Short cuts to safety: risk and 'rules of thumb' in accounts of food choice
UNSPECIFIED. (2003) Short cuts to safety: risk and 'rules of thumb' in accounts of food choice. HEALTH RISK & SOCIETY, 5 (1). pp. 33-52. ISSN 1369-8575Full text not available from this repository.
Official URL: http://dx.doi.org/10.1080/1369857031000065998
A number of 'food scares' over the past decade in Europe have generated considerable debate about public understandings of food risk, and the extent to which such understandings impact on decision making. This paper reports on a focus group study of how UK consumers discuss choosing safe food. Strategies for making food choices were, in general, characterised by confidence rather than anxiety. Although concerned in an abstract way with the safety of food and how it was monitored, 'risk' and 'safety' were rarely the primary discursive framework used for justifying food choices. Other discourses, such as health, naturalness, economy and convenience, competed with, overlapped with or were legitimated by that of 'risk'. However, everyday decision making was presented as a routine endeavour, aided by a number of 'short cuts' or rules of thumb for establishing food choices as routine and unremarkable. These short cuts divided safe from risky categories of food, but also divided preferred from despised foodstuffs in relation to other food discourses. Rules of thumb provided useful rhetorical devices for routinising accounts of food choice. In practice, however, rules of thumb are reported as being utilised in complex and contingent ways. They thus provide a sophisticated bulwark against the uncertainties of food risks when events (such as the media concern over BSE) threaten everyday trust in routine decisions.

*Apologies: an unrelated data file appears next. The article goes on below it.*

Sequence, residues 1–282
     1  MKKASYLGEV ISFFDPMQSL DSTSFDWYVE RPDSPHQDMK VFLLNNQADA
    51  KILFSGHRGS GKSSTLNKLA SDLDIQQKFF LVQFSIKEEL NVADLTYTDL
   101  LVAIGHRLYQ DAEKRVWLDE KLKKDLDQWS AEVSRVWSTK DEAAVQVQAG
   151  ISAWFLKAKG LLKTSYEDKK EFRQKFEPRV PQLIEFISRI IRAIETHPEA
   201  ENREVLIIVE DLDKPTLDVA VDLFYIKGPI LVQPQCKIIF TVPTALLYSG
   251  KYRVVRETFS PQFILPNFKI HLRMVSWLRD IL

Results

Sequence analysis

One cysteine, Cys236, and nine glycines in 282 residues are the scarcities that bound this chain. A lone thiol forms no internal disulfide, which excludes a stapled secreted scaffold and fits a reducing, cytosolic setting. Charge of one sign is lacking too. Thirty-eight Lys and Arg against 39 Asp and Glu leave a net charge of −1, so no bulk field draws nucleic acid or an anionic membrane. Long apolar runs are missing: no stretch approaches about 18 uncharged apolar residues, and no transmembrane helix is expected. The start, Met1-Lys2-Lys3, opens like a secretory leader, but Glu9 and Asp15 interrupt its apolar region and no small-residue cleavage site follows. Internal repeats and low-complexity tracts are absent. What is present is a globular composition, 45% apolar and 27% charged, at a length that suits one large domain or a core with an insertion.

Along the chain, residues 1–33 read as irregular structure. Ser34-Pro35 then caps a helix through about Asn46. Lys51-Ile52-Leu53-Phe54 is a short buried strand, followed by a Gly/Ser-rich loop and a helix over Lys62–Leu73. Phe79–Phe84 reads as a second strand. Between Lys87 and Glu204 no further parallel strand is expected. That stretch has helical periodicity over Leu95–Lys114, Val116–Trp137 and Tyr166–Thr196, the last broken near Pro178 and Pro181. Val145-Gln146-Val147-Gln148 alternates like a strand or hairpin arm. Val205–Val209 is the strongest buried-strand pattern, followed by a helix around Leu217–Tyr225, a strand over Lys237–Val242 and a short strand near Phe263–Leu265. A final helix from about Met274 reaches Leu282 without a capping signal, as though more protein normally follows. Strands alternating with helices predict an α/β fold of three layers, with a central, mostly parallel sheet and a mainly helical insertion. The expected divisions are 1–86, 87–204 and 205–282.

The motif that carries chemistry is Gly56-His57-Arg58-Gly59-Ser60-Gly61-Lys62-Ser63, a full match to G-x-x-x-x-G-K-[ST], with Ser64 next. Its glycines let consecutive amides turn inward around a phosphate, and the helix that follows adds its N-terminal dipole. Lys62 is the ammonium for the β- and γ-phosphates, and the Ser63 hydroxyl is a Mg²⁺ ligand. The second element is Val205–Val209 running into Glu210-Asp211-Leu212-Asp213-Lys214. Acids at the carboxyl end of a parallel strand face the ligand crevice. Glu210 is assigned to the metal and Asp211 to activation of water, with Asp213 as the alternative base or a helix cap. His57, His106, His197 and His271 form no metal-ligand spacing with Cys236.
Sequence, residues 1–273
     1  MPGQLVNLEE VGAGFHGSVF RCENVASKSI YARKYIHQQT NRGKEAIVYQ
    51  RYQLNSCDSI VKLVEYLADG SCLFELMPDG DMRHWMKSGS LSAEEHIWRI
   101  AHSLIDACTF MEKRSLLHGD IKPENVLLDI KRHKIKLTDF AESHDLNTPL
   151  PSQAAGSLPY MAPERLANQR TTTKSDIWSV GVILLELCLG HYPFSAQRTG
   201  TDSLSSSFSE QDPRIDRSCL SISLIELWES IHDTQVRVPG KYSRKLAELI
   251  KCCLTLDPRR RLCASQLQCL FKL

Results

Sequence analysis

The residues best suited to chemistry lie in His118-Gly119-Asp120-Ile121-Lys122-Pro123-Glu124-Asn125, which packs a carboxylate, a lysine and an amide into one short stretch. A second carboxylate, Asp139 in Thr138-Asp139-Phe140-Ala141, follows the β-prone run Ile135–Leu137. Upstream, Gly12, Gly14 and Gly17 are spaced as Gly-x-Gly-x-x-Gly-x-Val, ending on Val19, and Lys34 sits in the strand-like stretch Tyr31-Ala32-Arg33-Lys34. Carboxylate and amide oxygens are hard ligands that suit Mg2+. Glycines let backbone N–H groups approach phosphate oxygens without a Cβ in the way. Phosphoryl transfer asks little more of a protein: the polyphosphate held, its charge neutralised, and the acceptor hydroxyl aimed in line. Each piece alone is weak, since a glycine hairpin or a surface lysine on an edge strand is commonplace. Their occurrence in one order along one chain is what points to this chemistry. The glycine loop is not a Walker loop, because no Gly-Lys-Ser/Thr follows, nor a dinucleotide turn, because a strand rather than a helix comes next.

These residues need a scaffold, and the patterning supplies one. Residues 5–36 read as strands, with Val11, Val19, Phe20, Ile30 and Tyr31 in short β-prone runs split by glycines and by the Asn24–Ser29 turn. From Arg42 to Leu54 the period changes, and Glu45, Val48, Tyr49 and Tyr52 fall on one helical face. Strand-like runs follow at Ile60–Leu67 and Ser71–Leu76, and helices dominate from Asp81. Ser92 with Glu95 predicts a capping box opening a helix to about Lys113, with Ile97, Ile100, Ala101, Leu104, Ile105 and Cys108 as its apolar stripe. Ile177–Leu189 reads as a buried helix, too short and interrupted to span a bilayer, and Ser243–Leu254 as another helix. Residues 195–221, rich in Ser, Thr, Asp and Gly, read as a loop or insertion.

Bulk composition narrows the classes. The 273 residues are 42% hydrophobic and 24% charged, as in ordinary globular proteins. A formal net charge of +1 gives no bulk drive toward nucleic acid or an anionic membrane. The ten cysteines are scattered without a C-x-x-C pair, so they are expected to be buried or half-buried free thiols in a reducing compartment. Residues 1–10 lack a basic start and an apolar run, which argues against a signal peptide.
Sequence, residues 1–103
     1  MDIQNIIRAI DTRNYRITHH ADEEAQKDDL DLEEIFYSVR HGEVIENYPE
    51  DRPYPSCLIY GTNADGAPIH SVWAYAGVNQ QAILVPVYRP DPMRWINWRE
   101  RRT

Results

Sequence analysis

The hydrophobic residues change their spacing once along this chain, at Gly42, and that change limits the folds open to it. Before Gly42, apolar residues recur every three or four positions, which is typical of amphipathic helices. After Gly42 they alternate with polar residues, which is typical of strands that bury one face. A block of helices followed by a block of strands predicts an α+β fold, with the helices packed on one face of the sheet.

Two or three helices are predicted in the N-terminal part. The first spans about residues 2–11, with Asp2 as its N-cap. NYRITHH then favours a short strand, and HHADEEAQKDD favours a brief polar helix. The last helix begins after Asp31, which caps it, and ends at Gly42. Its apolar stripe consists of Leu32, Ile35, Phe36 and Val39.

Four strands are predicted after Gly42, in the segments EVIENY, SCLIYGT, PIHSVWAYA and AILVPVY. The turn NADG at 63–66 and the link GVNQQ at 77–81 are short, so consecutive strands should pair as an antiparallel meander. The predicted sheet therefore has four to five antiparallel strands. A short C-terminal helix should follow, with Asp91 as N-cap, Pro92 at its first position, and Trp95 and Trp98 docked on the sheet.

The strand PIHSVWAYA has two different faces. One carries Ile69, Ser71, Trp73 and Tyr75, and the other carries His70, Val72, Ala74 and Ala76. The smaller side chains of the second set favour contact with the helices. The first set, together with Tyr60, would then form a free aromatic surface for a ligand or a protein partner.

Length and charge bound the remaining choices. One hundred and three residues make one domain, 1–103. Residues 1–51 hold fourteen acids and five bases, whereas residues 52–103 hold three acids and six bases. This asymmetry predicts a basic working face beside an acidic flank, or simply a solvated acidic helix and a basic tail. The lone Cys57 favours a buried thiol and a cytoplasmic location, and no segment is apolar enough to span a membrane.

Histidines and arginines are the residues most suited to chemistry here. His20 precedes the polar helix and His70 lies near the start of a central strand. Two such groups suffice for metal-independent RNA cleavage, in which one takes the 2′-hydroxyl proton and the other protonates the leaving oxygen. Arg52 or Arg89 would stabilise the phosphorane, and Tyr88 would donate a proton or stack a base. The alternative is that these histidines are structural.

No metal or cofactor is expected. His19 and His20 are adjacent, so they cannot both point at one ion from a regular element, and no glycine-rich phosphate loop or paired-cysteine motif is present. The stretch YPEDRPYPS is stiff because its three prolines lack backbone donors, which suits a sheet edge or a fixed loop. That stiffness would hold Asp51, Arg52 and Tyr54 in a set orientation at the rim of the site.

|Item Type:||Journal Article|
|Subjects:||R Medicine > RA Public aspects of medicine > RA0421 Public health. Hygiene. Preventive Medicine
H Social Sciences
|Journal or Publication Title:||HEALTH RISK & SOCIETY|
|Number of Pages:||20|
|Page Range:||pp. 33-52|
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